Malaysia 'a success story'
Business Times, March 2, 2013
By Roziana Hamsawi
WORLD-RENOWNED economist Nouriel Roubini, who famously predicted the 2008 financial crisis, has called Malaysia "a success story", spurred by a well-diversified economy and a vibrant democracy.
With a sound gross domestic product (GDP) growth of 5.6 per cent last year, he said he was impressed by not just the country's economy but also by its stability, both politically and socially.
"A country's success is not purely measured by its economic growth but also by the development in its political and social matters, too. These are all important," he said in his speech at the Datum Economic Forum themed "Building Communities and Enriching Lives", here, yesterday.
Roubini said Malaysia has a lot going on for it along with other emerging economies in Asia. "Your inflation is low, below two per cent, strong current account surplus, sound and well-capitalised financial institutions with ample liquidity. "Your economy is very diversified and supported by a vibrant democracy. This is very important and should not be underestimated," he said.
He added that with the impending 13th general election, the new government to be elected must ensure that there is continued institutional stability and clarity in economic policies. Speaking to reporters later, Roubini said as Malaysia moves into the high-income nation status, it is imperative that the type of economic policies implemented must ensure productivity is increased and do not lose sight on developing the private sector.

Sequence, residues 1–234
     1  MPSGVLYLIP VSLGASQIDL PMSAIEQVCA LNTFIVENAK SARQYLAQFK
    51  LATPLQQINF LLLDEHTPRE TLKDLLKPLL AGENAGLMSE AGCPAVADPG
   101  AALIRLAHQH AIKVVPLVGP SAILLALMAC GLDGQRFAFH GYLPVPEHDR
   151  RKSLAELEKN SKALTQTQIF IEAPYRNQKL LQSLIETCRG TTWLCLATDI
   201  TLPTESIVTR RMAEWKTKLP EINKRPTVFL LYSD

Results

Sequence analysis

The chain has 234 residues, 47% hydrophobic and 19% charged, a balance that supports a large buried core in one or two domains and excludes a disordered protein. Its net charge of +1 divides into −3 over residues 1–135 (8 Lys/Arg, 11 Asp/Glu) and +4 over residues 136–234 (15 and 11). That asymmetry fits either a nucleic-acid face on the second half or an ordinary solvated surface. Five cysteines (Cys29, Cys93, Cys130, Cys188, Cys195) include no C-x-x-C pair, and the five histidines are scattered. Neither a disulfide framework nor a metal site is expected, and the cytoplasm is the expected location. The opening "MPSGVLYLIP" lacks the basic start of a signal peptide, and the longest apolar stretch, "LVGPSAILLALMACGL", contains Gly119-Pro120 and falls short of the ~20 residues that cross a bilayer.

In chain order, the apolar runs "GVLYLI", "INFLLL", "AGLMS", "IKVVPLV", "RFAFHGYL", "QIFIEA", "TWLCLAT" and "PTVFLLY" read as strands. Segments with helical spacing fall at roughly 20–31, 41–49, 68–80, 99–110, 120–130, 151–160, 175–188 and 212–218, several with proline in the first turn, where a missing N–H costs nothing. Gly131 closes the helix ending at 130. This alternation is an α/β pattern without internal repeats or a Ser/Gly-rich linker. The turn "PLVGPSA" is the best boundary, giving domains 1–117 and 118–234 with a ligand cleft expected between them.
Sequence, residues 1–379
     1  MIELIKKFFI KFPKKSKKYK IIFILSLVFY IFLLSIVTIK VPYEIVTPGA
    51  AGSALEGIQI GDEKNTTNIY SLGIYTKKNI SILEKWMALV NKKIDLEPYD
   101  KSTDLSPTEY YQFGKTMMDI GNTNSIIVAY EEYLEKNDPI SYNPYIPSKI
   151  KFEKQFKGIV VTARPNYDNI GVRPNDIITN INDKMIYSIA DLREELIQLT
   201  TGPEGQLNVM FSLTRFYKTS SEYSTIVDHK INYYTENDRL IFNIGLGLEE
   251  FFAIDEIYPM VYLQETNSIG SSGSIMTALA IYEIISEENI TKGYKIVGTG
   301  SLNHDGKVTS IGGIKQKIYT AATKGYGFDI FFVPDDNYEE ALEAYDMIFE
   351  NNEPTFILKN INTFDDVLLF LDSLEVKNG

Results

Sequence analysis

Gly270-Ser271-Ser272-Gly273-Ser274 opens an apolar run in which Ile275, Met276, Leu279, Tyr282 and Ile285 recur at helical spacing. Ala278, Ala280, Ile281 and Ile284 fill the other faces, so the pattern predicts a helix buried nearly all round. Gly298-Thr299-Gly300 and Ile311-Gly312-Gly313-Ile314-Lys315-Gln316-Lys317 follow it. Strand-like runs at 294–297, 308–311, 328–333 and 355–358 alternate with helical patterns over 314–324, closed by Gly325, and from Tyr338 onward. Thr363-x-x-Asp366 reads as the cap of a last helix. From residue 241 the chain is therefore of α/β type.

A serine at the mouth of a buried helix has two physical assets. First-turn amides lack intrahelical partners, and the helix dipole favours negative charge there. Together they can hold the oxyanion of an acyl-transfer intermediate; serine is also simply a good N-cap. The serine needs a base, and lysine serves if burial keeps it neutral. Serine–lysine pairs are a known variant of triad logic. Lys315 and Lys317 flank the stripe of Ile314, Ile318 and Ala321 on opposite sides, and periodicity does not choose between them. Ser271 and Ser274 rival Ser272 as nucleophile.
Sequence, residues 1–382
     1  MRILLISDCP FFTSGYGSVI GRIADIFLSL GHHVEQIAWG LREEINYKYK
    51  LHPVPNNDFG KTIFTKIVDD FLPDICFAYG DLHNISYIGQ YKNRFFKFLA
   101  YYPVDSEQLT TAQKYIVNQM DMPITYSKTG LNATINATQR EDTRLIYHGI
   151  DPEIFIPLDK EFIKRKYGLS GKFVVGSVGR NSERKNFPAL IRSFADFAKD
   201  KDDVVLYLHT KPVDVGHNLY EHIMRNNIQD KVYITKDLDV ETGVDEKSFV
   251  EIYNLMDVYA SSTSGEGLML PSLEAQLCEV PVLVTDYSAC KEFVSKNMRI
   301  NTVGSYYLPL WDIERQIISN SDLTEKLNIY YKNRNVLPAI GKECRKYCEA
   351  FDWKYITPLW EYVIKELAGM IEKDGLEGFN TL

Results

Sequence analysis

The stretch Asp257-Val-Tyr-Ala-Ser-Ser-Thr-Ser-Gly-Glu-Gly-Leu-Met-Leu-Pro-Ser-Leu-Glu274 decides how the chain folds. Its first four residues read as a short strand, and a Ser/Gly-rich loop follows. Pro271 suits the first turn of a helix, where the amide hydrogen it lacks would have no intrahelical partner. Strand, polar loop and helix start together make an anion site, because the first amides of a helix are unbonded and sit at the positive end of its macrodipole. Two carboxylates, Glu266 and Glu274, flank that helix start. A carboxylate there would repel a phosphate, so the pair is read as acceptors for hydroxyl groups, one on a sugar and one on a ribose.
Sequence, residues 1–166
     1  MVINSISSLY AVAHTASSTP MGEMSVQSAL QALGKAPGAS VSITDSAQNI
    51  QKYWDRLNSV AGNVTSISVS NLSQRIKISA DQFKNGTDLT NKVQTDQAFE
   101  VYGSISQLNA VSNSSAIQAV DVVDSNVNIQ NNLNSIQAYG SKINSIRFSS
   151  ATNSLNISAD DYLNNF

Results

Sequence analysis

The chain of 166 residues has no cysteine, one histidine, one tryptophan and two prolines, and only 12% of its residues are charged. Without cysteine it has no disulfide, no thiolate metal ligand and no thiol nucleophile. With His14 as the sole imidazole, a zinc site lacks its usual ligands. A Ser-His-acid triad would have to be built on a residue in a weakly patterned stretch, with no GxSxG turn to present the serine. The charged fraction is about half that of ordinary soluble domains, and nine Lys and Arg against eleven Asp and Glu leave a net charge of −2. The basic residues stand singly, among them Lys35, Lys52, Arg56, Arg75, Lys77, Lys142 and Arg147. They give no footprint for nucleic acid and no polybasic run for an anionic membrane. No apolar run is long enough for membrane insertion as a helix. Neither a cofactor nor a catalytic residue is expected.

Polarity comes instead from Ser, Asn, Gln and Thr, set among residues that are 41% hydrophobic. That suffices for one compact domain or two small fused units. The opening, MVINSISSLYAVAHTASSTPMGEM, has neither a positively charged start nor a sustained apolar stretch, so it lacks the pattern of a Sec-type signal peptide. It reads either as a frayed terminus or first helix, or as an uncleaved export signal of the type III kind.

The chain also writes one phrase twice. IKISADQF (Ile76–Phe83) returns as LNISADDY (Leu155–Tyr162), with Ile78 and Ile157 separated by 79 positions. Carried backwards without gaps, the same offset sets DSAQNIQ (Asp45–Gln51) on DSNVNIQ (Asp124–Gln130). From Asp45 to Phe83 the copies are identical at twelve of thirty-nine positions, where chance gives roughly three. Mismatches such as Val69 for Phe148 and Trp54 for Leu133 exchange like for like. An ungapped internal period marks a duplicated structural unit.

"As the world becomes increasingly competitive, the challenge for any country that is moving from middle income to higher income is the investment in human capital," he said. He said at this stage of economic development, innovation and technological change must take centre stage and this demanded heavy investment in developing the knowledge-economy.
Asked if the development in Europe and the US will impair the progress of emerging economies, especially in Asia, Roubini said he believed that the "decoupling of Asia from shocks in the US and Europe is even more so (true) now" than it ever was. He said while the average global growth rate is about three per cent, the US, Europe and Japan contributed very mediocre growth.
"The emerging markets grew at about five per cent while markets from Asian grew up to six per cent. With the US and Europe combined, their growth are less than one per cent or barely growing and this implies no significant deterrent to the growth of Asian economies," he said. Roubini noted that in light of the situation in Europe and the US, domestic demand in Asian countries have become more important.
"If before, the trade links used to be South-North, now it is South-South. Within Asean itself, there is robust trade integration supported by strong financial and global chain and this should be further strengthened in the years to come," he said.